Qin Huang Di was an egocentric and brutal emperor that dictated all of china and outlawed all religion that wasn’t legalism. He forced labour to all peasants who were men and made criminals to work on the Great Wall of China. Workers who died on the job were used as materials for building the Great Wall of China. There was no special funeral for the person who died and nobody would care, like he says “a thousand may die so that a million may live. He highly disapproved all teachings of Confucianism and discarded most history before the Qin dynasty.
This had a massive impact on the country as it had successfully stopped civil and political unrest which had previously been threating the harmony of the country. As it had been seen as a progressive force on behalf of ordinary people it received strong support from peasants and workers alike throughout the country. It also proved to the country that Chiang was an able diplomat resulting in higher public support. Nevertheless they were unsuccessful in entirely removing the warlords which meant there was always a constant threat of the warlords reforming and taking power once more. Although there failure of completely vanquishing the warlords there can be little doubt that Chiang was fairly successful in solving this domestic problem and the effects it would have on the country as it is probably that without him stabilising the political and social unrest civil war would have broken out in the country much early than it did.
He ruled both these lands through a Chinese-styled government, a centralized government that relied on Legalist principles, and imposed Confucian values. Even though the Han dynasty forced their own values on the people they ruled, the outcome was that their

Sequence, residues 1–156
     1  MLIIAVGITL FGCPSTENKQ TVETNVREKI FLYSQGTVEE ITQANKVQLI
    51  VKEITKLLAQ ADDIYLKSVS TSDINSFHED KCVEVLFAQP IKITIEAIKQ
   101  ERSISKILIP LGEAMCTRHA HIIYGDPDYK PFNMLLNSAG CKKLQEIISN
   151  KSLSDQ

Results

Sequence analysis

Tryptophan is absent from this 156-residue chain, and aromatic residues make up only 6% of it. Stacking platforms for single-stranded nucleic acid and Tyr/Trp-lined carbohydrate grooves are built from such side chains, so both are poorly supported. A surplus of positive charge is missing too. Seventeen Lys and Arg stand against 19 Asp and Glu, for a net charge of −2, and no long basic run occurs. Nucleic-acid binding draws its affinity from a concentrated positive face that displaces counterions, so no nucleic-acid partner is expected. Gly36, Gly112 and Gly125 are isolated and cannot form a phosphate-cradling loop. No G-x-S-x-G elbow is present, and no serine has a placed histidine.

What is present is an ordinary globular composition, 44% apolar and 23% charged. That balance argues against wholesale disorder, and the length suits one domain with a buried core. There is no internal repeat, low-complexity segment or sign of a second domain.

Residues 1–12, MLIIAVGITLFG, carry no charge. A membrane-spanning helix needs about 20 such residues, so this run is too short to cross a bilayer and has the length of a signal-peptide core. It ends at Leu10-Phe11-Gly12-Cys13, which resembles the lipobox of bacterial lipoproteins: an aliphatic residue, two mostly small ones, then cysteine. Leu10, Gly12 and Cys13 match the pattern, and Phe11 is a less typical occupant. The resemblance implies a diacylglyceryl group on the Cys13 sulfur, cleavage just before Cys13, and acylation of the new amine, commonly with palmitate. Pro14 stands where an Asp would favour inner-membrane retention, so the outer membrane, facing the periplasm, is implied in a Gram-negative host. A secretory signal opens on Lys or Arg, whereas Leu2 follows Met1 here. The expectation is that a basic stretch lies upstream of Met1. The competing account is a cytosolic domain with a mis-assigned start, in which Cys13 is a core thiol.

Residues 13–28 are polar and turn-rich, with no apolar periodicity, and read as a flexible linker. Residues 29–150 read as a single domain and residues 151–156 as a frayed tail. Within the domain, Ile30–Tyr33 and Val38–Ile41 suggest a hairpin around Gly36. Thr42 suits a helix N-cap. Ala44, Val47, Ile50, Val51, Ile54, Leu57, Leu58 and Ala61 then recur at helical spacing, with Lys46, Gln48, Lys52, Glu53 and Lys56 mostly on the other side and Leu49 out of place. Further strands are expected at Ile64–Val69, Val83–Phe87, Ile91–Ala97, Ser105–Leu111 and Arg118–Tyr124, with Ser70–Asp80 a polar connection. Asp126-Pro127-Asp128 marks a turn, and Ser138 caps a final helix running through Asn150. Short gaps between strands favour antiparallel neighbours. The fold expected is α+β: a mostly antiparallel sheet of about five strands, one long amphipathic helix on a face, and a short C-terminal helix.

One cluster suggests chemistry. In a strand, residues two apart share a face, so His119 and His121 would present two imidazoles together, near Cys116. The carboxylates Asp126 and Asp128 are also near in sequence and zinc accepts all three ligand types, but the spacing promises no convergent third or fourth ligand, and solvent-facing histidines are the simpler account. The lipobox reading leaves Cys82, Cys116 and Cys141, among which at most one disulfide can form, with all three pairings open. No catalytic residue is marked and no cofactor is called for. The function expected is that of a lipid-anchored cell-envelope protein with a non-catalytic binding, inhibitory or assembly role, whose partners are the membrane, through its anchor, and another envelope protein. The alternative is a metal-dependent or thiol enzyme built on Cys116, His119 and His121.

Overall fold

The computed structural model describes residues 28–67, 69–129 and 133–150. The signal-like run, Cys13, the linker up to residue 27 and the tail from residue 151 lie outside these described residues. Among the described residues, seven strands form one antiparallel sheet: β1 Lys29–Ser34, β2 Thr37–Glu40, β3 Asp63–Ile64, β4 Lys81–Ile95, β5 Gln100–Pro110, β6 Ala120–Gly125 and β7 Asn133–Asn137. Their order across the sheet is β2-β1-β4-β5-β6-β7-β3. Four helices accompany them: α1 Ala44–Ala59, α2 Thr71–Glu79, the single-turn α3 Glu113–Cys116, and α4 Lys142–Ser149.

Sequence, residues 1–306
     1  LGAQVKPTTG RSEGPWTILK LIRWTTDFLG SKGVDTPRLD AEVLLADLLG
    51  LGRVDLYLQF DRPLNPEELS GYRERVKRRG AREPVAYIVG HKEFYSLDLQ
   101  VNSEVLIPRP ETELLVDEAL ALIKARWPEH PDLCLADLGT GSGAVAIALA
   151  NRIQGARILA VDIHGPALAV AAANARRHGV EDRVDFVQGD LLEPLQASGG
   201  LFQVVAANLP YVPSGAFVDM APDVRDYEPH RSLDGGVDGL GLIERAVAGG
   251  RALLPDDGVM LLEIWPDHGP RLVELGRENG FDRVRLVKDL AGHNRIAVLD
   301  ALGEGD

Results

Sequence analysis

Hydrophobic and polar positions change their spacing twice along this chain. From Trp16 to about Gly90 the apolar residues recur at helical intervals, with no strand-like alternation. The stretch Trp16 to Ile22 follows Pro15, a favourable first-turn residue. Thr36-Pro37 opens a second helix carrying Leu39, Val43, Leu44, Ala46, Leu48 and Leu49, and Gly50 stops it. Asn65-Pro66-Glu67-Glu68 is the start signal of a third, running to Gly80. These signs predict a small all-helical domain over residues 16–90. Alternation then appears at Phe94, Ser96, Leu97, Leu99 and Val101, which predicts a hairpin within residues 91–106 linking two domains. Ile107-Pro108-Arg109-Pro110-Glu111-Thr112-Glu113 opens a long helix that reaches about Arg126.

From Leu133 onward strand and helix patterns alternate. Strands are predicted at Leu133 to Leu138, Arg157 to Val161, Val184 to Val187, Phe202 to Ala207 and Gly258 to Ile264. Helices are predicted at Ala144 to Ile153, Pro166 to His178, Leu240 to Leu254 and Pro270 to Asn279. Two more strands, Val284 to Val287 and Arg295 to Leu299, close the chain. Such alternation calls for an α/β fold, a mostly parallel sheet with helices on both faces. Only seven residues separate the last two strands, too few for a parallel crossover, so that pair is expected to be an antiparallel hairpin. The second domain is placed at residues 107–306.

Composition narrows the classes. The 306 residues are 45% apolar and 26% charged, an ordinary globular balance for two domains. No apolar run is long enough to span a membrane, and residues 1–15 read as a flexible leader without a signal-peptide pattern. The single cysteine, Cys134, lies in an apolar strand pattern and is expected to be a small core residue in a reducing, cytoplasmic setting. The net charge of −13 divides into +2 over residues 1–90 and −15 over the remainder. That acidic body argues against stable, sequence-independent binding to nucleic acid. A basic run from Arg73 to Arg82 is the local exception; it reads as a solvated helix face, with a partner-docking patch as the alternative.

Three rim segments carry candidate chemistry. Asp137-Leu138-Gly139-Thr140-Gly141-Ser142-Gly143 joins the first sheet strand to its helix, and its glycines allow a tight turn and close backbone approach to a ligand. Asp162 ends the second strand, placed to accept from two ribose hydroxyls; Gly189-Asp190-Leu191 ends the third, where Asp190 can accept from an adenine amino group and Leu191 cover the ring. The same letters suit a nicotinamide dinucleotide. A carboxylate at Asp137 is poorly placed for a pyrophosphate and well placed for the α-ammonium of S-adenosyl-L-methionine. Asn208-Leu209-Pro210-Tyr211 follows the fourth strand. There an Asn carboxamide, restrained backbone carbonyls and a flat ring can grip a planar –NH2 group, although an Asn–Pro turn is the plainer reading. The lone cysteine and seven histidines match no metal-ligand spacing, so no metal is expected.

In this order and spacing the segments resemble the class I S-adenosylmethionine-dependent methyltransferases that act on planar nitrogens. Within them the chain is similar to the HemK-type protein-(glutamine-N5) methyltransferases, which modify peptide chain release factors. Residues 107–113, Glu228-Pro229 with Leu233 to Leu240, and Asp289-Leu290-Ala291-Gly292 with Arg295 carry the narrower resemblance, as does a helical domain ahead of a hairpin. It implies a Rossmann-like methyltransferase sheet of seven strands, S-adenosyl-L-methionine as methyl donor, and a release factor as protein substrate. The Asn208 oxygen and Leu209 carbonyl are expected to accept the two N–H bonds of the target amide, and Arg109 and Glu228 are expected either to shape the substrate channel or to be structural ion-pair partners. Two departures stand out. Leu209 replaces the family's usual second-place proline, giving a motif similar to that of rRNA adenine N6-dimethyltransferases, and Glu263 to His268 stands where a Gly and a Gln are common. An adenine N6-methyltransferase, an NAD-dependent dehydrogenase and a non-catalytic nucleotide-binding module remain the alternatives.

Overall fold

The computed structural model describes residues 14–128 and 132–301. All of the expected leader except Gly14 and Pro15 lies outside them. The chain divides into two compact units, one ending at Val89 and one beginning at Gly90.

Referring to the talents of his generals, Gaozu says, “it was because I was able to make use of all of them that I gained possession of the world” (Watson, 76). Here, Gaozu explains that only by accepting the worth of his peers was he able to succeed in remedying the world’s immoralities. With his biography, Sima clearly illustrates Gaozu as a model of how to pull an empire out of an evil era and into one of morality and
During this time period, Chinese states were at war for control over the Zhou Dynasty, this led to Han Fei raising questions whether or not complying with Confucian ideals that state proper behavior could create a stable and peaceful society (Han, 1939). Both societies relied on harsh punishments to keep their community orderly. As stated by Han Fei, developing laws with unambiguous punishments and rewards was the one and only way to attain a powerful society. For example, “people caught opposing the government would instantly be disciplined by being burned alive, boiled to death in pots, or have their hands cut off.” These ideas were very similar to the ones stated in Hammurabi’s Code, “If a man breaks into a house,